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Heart of Glass
Blenko Glass is a West Virginia treasure that spans generations. Nothing symbolizes the state of West Virginia better or more beautifully than Blenko Glass. We will discuss current and former craftsmen and designers and how important it is that Blenko and West Virginia glass be appreciated and valued by the younger generation.

Sunday, March 08, 2009

Glass Workers Archives Move to Weston, WV Museum

The Museum of American Glass in Weston, West Virginia has acquired the contents of the American Flint Glass Workers Union archives and museum. Included are historic documents, photographs, collective bargaining agreements, convention proceedings, plaques and numerous other mementos. In additions there are volumes of trade publications going back to the 1880s that contain articles and ads that trace the development of the glass industry.

The archives had been stored in the union’s building in Toledo, Ohio where some of the material was put into a museum-like exhibit in 1978 to celebrate the union’s 100th Anniversary. Credit for establishing and expanding the display go to union officers George M. Parker and Robert Newell. But even before the display was assembled, the glass industry in the US was in decline and thus so was union membership. As a result it became necessary for the AFGWU to merge with the United Steel Workers in 2003 and the Flints, as they were called, ceased as an independent organization. Yet the archives remained in Toledo until the building was sold and everything had to be removed by late February 2009. Within about two week’s time, volunteers packed furiously and glass collectors donated money to at least begin to cover the cost of the expensive move to Weston.

The collection is now in the good hands of the museum’s archivist Tom Felt who joined MAGWV upon retiring from the Library of Congress. Mr. Felt is well known in glass circles for his scholarly research and writing. In commenting about the acquisition he said, “(The collection) not only has extraordinary value to those of us who collect glass, but considering that the AFGWU was the oldest independent labor organization in the United States prior to its merger with the United Steel Workers, it has similar importance to the history of labor in the country.”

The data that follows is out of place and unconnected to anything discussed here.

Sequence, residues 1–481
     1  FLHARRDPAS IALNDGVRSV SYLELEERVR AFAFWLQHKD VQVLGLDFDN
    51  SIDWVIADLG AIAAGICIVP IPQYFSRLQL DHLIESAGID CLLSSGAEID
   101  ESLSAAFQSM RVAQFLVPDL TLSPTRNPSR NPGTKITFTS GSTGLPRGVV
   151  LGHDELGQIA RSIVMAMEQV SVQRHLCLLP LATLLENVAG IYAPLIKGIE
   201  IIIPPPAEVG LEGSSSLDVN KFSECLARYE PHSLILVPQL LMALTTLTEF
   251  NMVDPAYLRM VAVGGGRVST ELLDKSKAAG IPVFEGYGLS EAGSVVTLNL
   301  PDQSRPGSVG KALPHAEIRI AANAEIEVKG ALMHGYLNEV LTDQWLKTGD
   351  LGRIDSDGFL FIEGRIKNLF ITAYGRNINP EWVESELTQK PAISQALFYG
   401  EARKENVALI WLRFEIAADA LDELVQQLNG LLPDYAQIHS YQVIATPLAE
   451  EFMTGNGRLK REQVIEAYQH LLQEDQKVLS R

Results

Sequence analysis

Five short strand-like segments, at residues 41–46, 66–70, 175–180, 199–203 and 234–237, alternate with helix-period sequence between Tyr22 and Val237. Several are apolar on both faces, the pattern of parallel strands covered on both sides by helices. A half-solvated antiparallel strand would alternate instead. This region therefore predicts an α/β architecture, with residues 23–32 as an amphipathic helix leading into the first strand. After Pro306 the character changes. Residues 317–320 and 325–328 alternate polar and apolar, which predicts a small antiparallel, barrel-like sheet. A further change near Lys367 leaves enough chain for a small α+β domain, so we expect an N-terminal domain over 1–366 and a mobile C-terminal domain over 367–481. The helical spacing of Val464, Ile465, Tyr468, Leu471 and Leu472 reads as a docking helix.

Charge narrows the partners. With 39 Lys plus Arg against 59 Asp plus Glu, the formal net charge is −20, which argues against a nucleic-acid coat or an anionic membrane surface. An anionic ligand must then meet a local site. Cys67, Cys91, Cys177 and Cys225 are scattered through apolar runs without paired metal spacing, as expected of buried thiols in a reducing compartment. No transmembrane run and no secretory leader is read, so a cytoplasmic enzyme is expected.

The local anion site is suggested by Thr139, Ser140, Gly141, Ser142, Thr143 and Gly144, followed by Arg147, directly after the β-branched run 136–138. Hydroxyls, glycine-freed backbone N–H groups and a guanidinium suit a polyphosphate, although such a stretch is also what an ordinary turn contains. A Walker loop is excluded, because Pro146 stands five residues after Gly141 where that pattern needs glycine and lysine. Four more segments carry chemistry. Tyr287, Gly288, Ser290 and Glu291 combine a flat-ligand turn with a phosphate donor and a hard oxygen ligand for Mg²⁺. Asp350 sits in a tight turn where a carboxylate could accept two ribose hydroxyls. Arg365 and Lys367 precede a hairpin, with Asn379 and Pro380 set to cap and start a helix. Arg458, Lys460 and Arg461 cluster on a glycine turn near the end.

Dean Six, Museum Director, is delighted that the museum is providing a safe haven for this “major academic archive (and) a serious piece of American History”. He says it fits well with the museum’s mission which is to “discover, publish and preserve whatever may relate to the glass industry in West Virginia, the United Sates of America or where ever else glass has been manufactured.” Mr. Six assures that visitors to the museum will be able to see this valuable collection and researchers will have access to stored records.

Donations to assist in the preservation of these records are tax deductible and may be sent to the Museum of American Glass in West Virginia, P.O. Box 574, Weston, WV 26451 or visit the website at

The Museum of American Glass in West Virginia is open year round noon to 4:00pm daily except Wednesday, Sunday and major holidays. Admission is free. It is easily accessible off I-79 exit 99 onto US 33 West for two miles to Main Avenue. A left turn onto Main and the museum is on the left at 230 Main Avenue. Begun in 1992, the museum relocated to its present location in 2007 and occupies 14,000 square feet with over 7,000 pieces of glass on permanent display. More information can be found at Questions about programs or the museum can be directed to 304-269-5006.